It seems like minutes – but it’s really days later – and the men are ready to install the 2nd floor plywood and steel. After that, it’s Juan Diaz, Vladamir and Eddy for a few days of plumbing and electrical and we’ll be ready to CAST THE 2ND FLOOR!!
On a closing note, it bears mentioning that Omar’s crew are trained to salvage every bit of lumber and plywood. When they stripped the forms from the first floor pour, they carefully removed every nail and stacked the lumber and plywood neatly – making sure it was covered with plastic. Smaller pieces are piled up to use later, instead of cutting up a brand new 2X4, they go to the pile and get what they need. This is a HUGE budget saver. It would cost a small fortune to have to purchase all this again as building supplies on an island are expensive and scarce. Each night before we leave, the guys tidy up the job-site, covering cement and wood, putting up tools used that day, picking up garbage, etc. Everything has it’s place in the bodega to be dragged out again tomorrow.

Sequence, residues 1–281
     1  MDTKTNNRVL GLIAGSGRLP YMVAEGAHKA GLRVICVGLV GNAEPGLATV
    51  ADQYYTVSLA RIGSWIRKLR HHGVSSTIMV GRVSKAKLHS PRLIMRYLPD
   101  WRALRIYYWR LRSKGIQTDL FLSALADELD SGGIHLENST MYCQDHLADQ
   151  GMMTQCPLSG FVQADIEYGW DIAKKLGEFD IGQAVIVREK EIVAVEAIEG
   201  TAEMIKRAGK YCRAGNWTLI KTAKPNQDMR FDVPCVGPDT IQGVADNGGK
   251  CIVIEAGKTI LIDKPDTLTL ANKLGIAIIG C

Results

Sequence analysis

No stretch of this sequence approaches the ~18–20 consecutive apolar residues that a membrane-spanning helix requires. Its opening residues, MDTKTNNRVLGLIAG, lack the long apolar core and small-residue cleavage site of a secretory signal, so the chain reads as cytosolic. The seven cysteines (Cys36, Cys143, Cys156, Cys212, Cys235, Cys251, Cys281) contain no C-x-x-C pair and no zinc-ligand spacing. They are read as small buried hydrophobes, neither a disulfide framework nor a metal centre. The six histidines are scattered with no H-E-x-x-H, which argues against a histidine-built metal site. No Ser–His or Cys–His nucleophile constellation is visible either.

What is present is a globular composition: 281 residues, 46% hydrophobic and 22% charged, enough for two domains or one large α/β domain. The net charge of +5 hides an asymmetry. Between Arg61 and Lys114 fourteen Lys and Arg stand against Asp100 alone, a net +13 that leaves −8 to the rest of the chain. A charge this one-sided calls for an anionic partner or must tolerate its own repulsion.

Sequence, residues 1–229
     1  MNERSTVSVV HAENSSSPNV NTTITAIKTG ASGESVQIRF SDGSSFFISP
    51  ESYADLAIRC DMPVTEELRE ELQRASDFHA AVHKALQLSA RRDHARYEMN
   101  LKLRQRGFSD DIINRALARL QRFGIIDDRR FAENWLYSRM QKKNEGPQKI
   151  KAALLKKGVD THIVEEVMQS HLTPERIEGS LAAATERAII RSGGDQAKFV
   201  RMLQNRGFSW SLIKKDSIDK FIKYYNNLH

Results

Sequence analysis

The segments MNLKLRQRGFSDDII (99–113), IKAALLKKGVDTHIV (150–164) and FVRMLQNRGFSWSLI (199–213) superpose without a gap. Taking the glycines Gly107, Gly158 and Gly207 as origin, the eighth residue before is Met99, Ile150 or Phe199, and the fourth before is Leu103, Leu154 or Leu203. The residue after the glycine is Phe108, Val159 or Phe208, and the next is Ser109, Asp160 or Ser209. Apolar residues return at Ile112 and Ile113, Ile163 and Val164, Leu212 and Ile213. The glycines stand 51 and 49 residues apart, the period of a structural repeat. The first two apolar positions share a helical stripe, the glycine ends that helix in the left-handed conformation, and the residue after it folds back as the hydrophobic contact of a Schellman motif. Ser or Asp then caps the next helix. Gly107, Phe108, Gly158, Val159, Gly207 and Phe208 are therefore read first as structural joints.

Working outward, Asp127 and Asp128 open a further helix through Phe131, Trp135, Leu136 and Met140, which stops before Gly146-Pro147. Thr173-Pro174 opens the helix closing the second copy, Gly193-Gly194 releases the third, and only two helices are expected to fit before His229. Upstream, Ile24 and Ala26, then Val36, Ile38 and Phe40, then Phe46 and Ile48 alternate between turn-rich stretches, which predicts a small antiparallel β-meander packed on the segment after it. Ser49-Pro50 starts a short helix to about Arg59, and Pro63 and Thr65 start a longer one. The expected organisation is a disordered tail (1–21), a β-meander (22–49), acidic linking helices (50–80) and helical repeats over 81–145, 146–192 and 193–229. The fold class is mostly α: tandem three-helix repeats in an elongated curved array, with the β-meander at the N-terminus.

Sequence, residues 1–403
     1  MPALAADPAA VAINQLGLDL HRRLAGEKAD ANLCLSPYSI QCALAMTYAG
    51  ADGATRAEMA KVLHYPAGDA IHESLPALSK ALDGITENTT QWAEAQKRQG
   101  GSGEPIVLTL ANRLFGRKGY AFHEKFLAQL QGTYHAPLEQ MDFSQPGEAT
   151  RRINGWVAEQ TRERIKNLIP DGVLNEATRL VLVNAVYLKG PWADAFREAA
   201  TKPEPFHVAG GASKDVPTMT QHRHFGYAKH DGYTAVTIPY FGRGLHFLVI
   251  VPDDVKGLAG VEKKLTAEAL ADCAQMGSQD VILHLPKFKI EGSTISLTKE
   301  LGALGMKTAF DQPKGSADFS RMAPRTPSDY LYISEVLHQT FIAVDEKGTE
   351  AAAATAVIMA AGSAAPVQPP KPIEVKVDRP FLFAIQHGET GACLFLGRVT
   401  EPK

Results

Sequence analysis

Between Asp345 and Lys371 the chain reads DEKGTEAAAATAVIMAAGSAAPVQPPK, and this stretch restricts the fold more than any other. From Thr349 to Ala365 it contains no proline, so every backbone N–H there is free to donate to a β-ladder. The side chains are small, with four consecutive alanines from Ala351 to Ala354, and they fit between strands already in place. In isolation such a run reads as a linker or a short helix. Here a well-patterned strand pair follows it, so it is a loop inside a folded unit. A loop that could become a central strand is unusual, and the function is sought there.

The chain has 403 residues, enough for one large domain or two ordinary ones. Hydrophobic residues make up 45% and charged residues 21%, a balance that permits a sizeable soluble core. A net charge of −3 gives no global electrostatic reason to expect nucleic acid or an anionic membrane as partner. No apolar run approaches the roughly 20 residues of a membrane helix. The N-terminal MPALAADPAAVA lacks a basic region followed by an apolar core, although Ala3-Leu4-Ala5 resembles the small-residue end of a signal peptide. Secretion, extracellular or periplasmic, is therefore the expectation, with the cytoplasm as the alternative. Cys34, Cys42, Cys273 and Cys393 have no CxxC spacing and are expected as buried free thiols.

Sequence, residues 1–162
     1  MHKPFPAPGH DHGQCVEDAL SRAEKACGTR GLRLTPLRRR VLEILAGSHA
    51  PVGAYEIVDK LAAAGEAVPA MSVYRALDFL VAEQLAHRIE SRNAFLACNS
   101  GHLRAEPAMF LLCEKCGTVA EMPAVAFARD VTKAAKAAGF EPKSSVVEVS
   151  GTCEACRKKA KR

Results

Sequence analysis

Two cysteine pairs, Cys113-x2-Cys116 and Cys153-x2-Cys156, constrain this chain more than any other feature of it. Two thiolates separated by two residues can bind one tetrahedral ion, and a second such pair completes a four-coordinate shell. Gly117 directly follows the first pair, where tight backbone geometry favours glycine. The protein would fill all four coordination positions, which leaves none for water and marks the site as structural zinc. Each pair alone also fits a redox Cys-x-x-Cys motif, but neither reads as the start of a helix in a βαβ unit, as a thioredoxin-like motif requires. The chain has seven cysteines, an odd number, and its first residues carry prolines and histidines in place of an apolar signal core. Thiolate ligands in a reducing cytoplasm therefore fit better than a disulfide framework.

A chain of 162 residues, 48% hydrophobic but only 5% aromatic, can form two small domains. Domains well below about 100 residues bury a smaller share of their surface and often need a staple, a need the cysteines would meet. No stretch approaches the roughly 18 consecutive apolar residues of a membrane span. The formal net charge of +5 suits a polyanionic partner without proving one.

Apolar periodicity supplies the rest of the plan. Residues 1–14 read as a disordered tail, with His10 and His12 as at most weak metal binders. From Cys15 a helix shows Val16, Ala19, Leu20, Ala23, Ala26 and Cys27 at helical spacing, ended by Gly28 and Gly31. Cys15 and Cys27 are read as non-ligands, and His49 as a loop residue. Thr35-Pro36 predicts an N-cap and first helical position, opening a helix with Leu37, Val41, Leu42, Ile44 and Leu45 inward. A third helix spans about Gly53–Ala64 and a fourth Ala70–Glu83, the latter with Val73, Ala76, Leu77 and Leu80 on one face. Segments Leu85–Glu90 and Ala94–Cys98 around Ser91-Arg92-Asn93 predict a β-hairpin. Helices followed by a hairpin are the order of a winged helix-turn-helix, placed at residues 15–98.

Thanks again for following our project. Be sure to follow us by entering your email so that you’ll get notifications when new posts go up. Thanks also for your support and positive feedback – we love hearing from you!